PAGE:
Published on September 3, 2021

On Being Brave

THE SPECIAL OLYMPIC WORLD SUMMER GAMES were staged in Dublin in 2003, during an unforgettable week of pride, pageantry and participation.  The swimming competitions were held in the National Aquatic Centre.

In one heat of the “Fifteen Metre Unassisted Swim”, there were only three competitors.  Each had an assistant following in the water, in case of emergency.  A boy from the Seychelles wins the heat easily in 14.7 seconds.  A boy from Honduras comes second in 17.97 seconds.  All eyes turn to the third competitor.  She is Hazel Zumbado, aged fifteen, from Costa Rica.  She is deaf and mute and out of the water, she is confined to a wheelchair, but she has the use of her arms and so can swim.  She takes a long time to get going and the crowd responds to her huge effort.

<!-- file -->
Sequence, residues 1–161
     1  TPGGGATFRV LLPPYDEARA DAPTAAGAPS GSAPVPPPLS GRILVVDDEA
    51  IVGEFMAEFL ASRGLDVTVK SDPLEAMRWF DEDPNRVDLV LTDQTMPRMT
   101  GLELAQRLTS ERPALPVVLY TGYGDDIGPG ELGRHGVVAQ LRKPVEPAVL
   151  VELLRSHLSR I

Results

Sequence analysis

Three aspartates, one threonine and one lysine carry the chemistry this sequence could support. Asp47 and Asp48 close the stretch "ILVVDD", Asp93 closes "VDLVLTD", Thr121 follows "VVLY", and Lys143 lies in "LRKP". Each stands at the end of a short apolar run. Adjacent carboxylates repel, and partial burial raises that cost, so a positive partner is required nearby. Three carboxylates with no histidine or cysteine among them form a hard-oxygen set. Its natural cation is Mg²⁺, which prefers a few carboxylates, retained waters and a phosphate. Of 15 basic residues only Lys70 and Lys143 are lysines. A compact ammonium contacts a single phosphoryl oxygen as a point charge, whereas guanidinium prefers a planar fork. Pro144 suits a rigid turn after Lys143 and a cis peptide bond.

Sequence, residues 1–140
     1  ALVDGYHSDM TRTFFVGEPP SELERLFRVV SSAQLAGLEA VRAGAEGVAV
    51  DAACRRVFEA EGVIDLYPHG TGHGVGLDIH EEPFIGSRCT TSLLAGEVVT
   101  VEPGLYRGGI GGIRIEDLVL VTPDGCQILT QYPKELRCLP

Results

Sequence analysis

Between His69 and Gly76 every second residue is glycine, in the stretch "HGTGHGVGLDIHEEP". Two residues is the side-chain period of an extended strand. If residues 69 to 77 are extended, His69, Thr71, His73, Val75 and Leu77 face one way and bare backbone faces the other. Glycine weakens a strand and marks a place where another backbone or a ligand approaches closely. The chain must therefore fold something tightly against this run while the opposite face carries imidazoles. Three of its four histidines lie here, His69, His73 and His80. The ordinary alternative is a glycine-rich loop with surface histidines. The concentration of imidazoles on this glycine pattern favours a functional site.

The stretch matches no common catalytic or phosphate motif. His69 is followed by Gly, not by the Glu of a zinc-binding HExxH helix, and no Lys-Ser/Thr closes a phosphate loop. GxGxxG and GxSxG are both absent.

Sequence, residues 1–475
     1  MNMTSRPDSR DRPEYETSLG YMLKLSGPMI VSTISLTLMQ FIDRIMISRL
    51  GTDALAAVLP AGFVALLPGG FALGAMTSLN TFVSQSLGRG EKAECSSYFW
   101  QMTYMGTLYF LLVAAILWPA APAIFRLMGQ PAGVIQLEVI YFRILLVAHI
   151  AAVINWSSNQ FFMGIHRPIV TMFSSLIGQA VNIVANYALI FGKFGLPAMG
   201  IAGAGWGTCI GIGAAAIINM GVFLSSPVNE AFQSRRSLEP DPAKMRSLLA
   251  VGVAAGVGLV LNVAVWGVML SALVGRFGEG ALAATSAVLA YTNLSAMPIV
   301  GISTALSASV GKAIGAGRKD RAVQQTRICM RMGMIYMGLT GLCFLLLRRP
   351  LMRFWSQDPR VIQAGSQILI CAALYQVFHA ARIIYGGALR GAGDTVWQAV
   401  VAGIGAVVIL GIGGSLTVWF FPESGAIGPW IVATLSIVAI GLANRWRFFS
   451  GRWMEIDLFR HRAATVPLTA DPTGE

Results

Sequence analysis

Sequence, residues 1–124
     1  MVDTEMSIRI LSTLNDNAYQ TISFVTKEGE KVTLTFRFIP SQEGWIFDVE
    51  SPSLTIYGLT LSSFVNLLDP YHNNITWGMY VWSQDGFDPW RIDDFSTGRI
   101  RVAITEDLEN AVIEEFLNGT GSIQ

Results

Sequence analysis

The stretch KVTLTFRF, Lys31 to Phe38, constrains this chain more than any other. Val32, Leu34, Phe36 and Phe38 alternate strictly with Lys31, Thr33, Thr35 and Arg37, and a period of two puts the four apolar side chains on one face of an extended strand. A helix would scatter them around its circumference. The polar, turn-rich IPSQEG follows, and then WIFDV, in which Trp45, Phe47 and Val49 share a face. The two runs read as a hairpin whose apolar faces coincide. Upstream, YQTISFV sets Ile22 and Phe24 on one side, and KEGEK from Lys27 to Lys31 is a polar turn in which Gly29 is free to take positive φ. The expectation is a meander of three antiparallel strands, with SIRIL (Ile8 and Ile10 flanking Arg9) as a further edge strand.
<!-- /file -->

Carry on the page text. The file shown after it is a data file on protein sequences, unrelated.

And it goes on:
Frank McNally catches the moment in his Irish Times report.

“They are shouting, screaming, urging her every inch of the way; and her progress is measured in inches, as enormous effort translates into tiny advances through the water …  There are now four assistants in the water, encouraging and ready to help if needed.  But the swimmer is going to make it without their assistance, and with everyone in the packed gallery on his or her feet, applauding, she touches the wall in 1minute 59.23 seconds.”

How beautifully Hazel epitomised the Special Olympics motto:

Let me win, but if I cannot win,

let me be brave in the attempt.

© John Quinn 2011       Moments [On Being Brave].